The European Union (EU) has insisted on a number of measures before the release of $5.8 billion (€25 million) –frozen under the previous administration – for sea defence and the sugar sector including for government to show that funds released previously were utilized in a transparent manner.
“With regard to the sea defences, the real truth is that it is a tremendously expensive proposition. Unfortunately, due to the previous administration‘s performance, we were eligible for some support from the EU and that had been frozen. It started, initially because of the lack of parliamentary oversight, but they’ve now also tagged on the question of transparency, corruption etcetera onto the requirements and so this government, my ministry is now a recipient of that,” Minister of Public Infrastructure David Patterson told Stabroek News in an exclusive interview.
Patterson met with an EU delegation on Tuesday and subsequently told Stabroek News that there was no movement on whether the funds would be released any time soon and this will impact Guyana’s ability to tackle sea defence areas in need of immediate repair and attention.
The minister said that it was unfortunate that the new administration’s planning and execution of projects would be delayed due to the lack of transparency in the previous administration. He asserted that the work that has been done over the years has not been “substantial.”
“We are supposed to be fixing it and moving on and it has a 10-year life shelf. What we are doing is outing fires and that is the situation that we find ourselves,” Patterson lamented.
The Minister said that teams are out daily assessing the sea defences in the most critical need of work. However, for now, the money is not there, he said and added that the ministry is working on its budgetary request to tackle the direst areas.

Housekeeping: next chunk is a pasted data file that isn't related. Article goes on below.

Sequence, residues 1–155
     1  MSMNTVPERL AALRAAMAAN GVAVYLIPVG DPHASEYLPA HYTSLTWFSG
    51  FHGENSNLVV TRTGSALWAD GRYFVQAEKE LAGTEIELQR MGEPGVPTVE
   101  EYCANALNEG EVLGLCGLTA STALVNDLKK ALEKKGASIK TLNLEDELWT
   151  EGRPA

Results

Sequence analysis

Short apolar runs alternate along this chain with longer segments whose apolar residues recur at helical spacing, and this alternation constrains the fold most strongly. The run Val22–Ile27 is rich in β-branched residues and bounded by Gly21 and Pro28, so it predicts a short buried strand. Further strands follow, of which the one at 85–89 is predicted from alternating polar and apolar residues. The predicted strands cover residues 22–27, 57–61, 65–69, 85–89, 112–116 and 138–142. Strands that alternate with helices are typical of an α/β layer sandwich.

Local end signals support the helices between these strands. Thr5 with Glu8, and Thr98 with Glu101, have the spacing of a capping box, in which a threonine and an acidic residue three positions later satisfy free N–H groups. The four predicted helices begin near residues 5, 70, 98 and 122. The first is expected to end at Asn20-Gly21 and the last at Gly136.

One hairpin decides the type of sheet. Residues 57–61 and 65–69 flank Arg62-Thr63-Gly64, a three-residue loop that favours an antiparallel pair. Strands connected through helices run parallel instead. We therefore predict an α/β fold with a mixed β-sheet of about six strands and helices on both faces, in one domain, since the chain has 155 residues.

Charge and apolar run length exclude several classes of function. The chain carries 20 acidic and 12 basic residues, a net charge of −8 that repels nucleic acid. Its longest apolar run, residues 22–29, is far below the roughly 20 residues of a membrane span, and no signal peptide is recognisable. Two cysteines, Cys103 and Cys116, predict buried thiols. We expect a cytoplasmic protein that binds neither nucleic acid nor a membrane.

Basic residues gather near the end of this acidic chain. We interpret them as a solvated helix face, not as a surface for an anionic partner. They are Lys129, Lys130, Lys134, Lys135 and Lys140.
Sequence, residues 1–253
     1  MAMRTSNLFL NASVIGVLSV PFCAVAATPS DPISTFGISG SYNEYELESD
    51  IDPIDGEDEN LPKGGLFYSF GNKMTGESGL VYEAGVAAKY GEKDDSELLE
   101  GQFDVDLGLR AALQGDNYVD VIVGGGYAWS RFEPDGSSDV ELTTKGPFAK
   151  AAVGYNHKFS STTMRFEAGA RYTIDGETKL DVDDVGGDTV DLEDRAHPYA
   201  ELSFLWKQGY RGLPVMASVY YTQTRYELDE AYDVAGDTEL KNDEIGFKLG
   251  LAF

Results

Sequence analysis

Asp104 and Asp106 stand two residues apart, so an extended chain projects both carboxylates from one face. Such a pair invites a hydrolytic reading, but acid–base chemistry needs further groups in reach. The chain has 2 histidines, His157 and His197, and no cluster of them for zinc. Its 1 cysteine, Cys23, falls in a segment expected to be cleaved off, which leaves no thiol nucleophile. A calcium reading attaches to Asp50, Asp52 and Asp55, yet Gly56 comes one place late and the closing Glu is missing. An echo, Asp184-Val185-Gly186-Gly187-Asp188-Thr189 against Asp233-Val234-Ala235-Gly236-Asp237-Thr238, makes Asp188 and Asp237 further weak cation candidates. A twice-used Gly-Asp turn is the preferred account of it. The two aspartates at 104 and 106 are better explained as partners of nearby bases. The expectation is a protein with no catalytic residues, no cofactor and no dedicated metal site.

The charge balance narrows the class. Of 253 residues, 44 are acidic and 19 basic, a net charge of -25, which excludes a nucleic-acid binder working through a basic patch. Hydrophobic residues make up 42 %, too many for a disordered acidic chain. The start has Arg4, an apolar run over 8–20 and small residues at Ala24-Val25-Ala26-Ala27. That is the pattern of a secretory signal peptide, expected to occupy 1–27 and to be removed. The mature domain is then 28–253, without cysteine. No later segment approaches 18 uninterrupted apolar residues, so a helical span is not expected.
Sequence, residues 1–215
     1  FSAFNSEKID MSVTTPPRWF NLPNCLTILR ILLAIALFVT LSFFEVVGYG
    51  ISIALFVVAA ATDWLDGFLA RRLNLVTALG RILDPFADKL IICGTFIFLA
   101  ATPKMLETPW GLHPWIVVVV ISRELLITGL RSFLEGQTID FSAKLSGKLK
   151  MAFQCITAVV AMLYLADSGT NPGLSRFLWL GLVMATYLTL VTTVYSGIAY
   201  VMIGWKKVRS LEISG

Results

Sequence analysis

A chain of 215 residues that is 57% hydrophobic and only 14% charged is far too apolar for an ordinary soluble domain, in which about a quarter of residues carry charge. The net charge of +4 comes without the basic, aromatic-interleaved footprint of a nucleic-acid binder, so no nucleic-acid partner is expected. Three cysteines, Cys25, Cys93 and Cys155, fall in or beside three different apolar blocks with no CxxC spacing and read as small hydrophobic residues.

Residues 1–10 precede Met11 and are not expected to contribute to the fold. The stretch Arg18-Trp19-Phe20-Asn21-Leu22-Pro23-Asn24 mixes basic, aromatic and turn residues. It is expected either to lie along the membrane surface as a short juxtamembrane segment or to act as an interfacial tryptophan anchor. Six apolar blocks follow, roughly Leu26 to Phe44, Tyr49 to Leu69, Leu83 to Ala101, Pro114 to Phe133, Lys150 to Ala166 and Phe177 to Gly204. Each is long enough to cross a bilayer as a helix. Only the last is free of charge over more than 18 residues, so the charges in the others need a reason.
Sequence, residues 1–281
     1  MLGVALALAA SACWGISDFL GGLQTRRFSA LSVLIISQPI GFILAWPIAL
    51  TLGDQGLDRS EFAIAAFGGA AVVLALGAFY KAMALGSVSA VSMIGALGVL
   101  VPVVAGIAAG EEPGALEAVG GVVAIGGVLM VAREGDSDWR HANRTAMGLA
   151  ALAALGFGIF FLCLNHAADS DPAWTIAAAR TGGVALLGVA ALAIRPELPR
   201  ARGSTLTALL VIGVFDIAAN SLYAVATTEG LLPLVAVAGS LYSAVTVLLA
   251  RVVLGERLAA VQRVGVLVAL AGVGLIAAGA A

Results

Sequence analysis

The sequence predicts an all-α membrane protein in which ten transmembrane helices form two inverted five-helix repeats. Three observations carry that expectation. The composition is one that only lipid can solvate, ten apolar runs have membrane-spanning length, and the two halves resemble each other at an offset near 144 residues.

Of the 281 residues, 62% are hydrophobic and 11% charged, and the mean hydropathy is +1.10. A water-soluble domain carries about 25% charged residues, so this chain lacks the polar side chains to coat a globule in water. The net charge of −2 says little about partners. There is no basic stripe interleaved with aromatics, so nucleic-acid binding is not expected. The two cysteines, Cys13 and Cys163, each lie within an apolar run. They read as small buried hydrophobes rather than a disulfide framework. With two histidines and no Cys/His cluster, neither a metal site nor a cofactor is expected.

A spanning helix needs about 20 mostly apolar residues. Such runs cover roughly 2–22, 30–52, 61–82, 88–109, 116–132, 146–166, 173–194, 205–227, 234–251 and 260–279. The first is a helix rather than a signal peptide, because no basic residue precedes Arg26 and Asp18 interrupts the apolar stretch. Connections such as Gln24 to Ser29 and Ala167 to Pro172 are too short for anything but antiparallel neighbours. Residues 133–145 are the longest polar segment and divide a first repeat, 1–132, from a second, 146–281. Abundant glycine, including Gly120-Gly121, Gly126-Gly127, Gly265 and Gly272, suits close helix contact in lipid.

Without the billions in EU relief, according to Patterson, the ministry would be more reactionary in addressing sea defence concerns. “I mean, I can probably only react to the worse cases defects in the sea defences as opposed to progressively and systematically repair them so they can be of long term use,” Patterson related.
He revealed that $55 million in emergency relief was recently approved to allow for work to be done at Crane, West Coast Demerara. The minister told Stabroek News that he wanted to see a streamlining of various departments noting that the Mangrove Project was under the Ministry of Tourism when it has a large impact on sea defence. He noted that the National Drainage and Irrigation Authority should be charged with countrywide drainage as a way to cut the bureaucracy at the local level.
Due to the withholding of EU funds, Guyana faces an uphill battle, Patterson said. He criticised the handling of the sea defence sector. “Prior approach to it has been wholly inadequate,” he said.
In January, the EU said that the absence of budget oversight was among the reasons for it withholding $5.8 billion (€25 million) in funds due to Guyana for sea defence and the sugar sector. “The latest partial payments related to these two programmes have been temporarily put on hold until all eligibility criteria, inter alia budget oversight, are satisfactorily addressed,” the EU Delegation in Guyana had said in a statement. When the EU released the statement in January, the National Assembly, the body responsible for budget oversight had been prorogued since November 10, 2014 by the former President Donald Ramotar.
The EU had said that it has a longstanding commitment to support development and poverty reduction in Guyana. It noted that last year, €34 million was allocated to Guyana under the 11th European Development Fund. Then Finance Minister Dr Ashni Singh had called the reason for the suspension of the funds “spurious.”
A delegation from the EU met with APNU+AFC government ministers on June 17. A release from the EU on that meeting said:
“Both sides acknowledged the fruitful cooperation over the last 40 years and confirmed their commitment to continue and further strengthen this cooperation in the years ahead. Areas of collaboration discussed during the meeting included cooperation on sugar industry reform, security, climate change adaptation and sea defences, cultural heritage, public finance management, governance and regional programmes, including investment facilities. The European Union indicated readiness to render immediate Technical Assistance support for areas of Public Finance Management and transparency, while further support for sugar industry reform and governance is being explored.”